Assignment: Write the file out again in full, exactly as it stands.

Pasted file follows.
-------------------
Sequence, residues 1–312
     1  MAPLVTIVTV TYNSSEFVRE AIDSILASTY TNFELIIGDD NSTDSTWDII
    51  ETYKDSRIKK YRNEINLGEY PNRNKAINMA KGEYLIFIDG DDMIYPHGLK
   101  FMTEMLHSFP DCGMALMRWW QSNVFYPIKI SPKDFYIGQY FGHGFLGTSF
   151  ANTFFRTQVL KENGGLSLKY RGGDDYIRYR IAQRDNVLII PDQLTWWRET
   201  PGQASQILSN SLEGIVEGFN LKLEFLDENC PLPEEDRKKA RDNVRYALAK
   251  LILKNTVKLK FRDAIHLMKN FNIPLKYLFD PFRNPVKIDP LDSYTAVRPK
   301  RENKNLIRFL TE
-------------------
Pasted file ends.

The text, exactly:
Sequence, residues 1–312
     1  MAPLVTIVTV TYNSSEFVRE AIDSILASTY TNFELIIGDD NSTDSTWDII
    51  ETYKDSRIKK YRNEINLGEY PNRNKAINMA KGEYLIFIDG DDMIYPHGLK
   101  FMTEMLHSFP DCGMALMRWW QSNVFYPIKI SPKDFYIGQY FGHGFLGTSF
   151  ANTFFRTQVL KENGGLSLKY RGGDDYIRYR IAQRDNVLII PDQLTWWRET
   201  PGQASQILSN SLEGIVEGFN LKLEFLDENC PLPEEDRKKA RDNVRYALAK
   251  LILKNTVKLK FRDAIHLMKN FNIPLKYLFD PFRNPVKIDP LDSYTAVRPK
   301  RENKNLIRFL TE